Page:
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Bad Iranians, bad Muslims, good Americans

My wife and I went to see the film “Argo”, directed and starring Ben Affleck. It is a tense action flick, based on a true story.

Steve Latham

During the 1979 Iranian revolution, demonstrations against the Shah’s dictatorial regime initially united combined secular liberal and Muslim fundamentalist groups.

With the return of Ayatollah Khomeni from exile in Europe, the Islamists began to take the lead, and soon turned on their erstwhile democratic allies.

During the unrest, revolutionary forces invaded the US embassy, and took some of the staff as hostages.

Six of these staff members escaped, however, through a side door; and hid in the Canadian Ambassador’s house. Eventually a secret CIA ‘exfiltrator,’ Tony Mendez smuggled them out, disguised as a film crew.

It is this aspect which provides the movie’s comic element. The film they were ostensibly in Iran to produce was supposed to be a science fiction space opera.

It is the incongruity of setting a film like this in Iran, which supplies a surreal air to the picture’s account. However the comedy is not paramount.

“Argo” is a genuinely taut thriller and Affleck proves his mettle as a director throughout the movie. But the political subtext is ambiguous, to say the least.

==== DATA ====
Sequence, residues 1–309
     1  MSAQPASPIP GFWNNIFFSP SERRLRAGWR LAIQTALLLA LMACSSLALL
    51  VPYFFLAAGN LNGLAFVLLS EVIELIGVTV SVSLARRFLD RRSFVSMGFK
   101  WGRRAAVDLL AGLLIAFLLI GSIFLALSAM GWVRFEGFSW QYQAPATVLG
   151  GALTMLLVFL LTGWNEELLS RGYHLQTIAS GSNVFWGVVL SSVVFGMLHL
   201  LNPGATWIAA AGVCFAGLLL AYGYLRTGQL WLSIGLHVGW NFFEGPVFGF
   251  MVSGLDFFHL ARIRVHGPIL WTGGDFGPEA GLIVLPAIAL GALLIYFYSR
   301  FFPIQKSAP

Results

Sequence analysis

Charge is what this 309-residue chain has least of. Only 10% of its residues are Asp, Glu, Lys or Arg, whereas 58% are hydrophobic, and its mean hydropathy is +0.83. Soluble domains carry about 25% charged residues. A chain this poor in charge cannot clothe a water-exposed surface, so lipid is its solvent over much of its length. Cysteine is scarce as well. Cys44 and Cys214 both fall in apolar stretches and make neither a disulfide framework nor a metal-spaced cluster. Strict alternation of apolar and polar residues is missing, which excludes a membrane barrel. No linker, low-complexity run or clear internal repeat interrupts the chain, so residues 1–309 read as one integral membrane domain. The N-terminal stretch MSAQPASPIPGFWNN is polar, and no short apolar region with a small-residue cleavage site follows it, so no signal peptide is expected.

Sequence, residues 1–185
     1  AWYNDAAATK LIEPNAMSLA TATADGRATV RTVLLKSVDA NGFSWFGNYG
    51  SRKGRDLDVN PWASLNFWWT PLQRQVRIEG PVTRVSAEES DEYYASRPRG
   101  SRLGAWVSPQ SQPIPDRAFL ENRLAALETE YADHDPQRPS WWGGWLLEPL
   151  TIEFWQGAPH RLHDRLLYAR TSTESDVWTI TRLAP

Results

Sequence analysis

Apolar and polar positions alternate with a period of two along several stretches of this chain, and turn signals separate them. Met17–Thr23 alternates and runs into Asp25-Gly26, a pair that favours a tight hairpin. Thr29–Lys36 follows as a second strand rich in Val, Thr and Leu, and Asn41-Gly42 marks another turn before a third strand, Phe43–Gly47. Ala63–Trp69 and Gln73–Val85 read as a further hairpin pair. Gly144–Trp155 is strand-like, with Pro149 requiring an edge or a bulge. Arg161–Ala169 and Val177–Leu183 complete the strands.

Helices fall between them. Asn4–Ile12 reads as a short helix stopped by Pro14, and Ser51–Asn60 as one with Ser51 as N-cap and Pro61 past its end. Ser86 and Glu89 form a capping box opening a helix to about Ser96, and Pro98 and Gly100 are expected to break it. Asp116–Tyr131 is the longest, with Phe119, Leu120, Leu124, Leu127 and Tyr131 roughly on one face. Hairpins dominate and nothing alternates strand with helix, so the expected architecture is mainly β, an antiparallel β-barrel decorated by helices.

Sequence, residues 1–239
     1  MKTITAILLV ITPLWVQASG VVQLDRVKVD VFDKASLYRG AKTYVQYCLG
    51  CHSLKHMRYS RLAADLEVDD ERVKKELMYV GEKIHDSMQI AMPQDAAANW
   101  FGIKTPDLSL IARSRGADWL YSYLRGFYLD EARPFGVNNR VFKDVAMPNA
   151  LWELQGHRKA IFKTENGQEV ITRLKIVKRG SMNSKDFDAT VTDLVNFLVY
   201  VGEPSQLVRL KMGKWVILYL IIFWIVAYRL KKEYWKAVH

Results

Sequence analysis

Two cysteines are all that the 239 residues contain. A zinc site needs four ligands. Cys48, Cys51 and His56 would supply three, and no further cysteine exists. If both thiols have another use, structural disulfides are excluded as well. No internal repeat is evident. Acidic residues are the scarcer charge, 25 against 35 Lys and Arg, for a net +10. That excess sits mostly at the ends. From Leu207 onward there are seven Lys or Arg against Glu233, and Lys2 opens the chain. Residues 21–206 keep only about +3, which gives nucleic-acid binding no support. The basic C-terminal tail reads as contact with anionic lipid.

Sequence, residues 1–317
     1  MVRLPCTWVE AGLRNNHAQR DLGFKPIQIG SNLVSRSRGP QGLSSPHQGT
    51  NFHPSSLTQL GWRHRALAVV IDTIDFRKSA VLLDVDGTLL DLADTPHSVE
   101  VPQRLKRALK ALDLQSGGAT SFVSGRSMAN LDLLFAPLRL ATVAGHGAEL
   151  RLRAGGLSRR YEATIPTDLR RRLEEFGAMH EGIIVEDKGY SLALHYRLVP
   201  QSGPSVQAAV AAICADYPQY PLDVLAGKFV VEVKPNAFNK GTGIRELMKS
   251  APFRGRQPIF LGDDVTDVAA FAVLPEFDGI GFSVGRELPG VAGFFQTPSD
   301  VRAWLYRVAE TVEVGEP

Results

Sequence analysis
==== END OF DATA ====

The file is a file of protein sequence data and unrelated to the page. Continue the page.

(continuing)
The portrayal of Iranians in the film is one-dimensional and stereotyped. They are baddies, Muslim fanatics with no redeeming features.

The airport guards provoke smiles only because they are stupid enough to believe the spy’s ruse.

The single good Iranian is the Canadian ambassador’s maid, who helps the Americans escape. Otherwise, most Muslim characters are violent extremists.

Affleck makes a gesture in the direction of historical accuracy, with his documentary-style introduction to the film.

This depicts the American and British support for  the Shah’s coup against the democratically-elected government of Mohammed Mossadegh, in order to keep control of the oil industry for the West.

Apart from this, however, the film is a celebration of US innocence. Admittedly from a conscience-stricken Democratic Party perspective, the movie is a rehabilitation of the USA.

It admits past faults, all the better to assert the supremacy of American democracy from a position of supposed liberal honesty.

The story ends with Affleck’s character, Tony Mendez, hugging his wife in the doorway of their home, the stars and stripes flying patriotically outside in the garden.

After this, the movie presents an overview of what happened to the main characters after the incidents in the film.

Here, President Carter is lauded as the President who commanded the rescue. Carter claims the incident saved the lives of the escapees without any casualties.

The movie thus rides roughshod over the failure of Carter’s own mission in 1980 to rescue the actual embassy hostages.

This ended in a debacle with the crashing of some of the helicopters transporting the rescue squad, and the death of several soldiers.

The final indignation is how Hispanic CIA operative, Tony Mendez, is racially transformed into the WASP, Chuck Norris look-alike, figure of Ben Affleck, who apparently could not resist playing the hero.

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